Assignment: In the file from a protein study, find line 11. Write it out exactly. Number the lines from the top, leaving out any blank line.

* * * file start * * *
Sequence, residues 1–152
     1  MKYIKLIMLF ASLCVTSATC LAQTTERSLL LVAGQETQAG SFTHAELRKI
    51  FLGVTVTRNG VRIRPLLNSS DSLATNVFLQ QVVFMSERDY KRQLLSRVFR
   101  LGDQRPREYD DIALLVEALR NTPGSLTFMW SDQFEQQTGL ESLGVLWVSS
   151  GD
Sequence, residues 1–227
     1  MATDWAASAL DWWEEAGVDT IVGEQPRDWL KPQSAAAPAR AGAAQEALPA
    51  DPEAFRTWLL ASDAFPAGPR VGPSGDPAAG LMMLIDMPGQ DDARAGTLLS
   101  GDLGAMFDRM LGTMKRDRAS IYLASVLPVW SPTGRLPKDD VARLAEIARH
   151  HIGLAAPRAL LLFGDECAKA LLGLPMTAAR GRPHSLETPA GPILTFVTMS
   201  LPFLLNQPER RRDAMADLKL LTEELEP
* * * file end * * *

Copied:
   201  LPFLLNQPER RRDAMADLKL LTEELEP